Further changes were made for the printed covers (here Men & Magic, Vol 1):



Here "Campaign Games" becomes "Wargames Campaigns" and is moved to after "Medieval". And rather than using the components as adjectives to describe the game, the subtitle here uses them as components "Playable with" the campaigns. These components incorporate the "Pencil" addition and drop the word "Board". But the reference to a board remains in the text of the printed game: "The use of paper, pencil and map boards are standard" (pg 5, section "Scope".

That's all we know so far. This document has been speculated about for decades. I'm looking forward to learning more about it!

Wednesday, July 12, 2017

Chris Holmes on Tell Me About Your Character



Listen to Chris Holmes on the 3rd season of the short podcast Tell Me About Your Character, talking about his third favorite D&D character after Boinger and Zereth

http://www.tellmeaboutyourcharacter.com/episode/3/8

Monday, June 26, 2017

Tales of Peril Ordering Details

Tales of Peril at the Black Blade booth at NTRPG Con. Photo by Allan Grohe

I am excited to share that Tales of Peril - the Complete Boinger & Zereth Stories of John Eric Holmes - is now available for order. For details on how to order see this post on Allan Grohe's blog:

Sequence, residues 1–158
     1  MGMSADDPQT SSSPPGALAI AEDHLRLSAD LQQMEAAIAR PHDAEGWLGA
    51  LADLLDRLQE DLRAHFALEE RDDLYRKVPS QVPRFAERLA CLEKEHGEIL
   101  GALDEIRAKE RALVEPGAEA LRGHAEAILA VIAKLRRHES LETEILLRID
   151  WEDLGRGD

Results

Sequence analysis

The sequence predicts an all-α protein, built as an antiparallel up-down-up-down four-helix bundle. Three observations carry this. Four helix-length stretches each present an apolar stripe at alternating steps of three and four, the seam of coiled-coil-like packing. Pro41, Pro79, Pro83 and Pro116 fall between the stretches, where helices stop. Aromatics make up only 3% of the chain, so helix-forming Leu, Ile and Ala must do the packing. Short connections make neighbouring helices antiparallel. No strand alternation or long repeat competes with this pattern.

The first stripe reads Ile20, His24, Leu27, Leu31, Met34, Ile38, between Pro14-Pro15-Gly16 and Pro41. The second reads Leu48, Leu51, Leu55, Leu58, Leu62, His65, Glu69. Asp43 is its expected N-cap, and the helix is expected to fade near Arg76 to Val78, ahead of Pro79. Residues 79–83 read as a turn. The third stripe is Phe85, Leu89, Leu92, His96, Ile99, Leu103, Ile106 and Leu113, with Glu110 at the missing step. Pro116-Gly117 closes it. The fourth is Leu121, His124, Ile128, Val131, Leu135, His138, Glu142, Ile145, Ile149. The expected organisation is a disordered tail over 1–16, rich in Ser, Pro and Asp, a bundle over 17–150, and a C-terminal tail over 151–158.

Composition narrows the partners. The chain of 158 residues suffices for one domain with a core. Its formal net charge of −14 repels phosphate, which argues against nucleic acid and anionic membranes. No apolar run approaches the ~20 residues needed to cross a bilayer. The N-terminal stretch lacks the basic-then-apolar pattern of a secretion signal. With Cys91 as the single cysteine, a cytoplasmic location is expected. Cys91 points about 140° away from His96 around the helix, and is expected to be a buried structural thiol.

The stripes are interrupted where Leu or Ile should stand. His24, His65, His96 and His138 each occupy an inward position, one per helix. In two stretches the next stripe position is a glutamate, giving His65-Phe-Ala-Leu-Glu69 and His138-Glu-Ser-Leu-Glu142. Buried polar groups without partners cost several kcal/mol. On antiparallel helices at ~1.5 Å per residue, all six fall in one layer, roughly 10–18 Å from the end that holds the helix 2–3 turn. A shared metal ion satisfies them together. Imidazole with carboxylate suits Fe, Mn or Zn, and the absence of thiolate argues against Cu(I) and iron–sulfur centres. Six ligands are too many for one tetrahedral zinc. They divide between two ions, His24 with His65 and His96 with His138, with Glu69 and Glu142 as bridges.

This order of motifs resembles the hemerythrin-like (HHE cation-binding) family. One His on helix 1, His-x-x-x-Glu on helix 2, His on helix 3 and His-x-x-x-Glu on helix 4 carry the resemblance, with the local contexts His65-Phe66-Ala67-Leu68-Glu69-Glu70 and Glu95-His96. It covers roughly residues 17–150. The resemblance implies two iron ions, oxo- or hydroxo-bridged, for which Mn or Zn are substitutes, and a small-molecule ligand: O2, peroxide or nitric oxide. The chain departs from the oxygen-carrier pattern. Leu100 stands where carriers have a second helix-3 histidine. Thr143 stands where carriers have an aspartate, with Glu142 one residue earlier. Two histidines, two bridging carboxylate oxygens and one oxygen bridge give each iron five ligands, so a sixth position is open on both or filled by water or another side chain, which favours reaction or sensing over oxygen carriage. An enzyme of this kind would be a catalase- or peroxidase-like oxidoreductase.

How to Order Tales of Peril (and other books) from Black Blade Publishing

Thursday, June 22, 2017

Lesser Magic Items

One of the new additions to Holmes Ref 2.0 is a table of Lesser Magic Items. The material in this table originally appeared with illustrations, in Dungeon Crawl #3 (2013), a zine edited by Wayne Rossi (still available; follow the link for more info). I've now made the Holmes Ref version available as a separate sheet:

Click here to read/view the table of Lesser Magic Items

Reproduced below for reference is the text of my original article (with a few new edits).

* * * * *

In the introductory module B2 Keep on the Borderlands, Gary Gygax wrote, "If only two or three player characters are to adventure, be sure to have a non-player character or two go along, as well as a few men-at-arms. In addition, give the player characters a magic dagger or some magic arrows and at least one potion of healing - family bequests to aid them in finding their fame and fortune when they go against Chaos" (pg 2).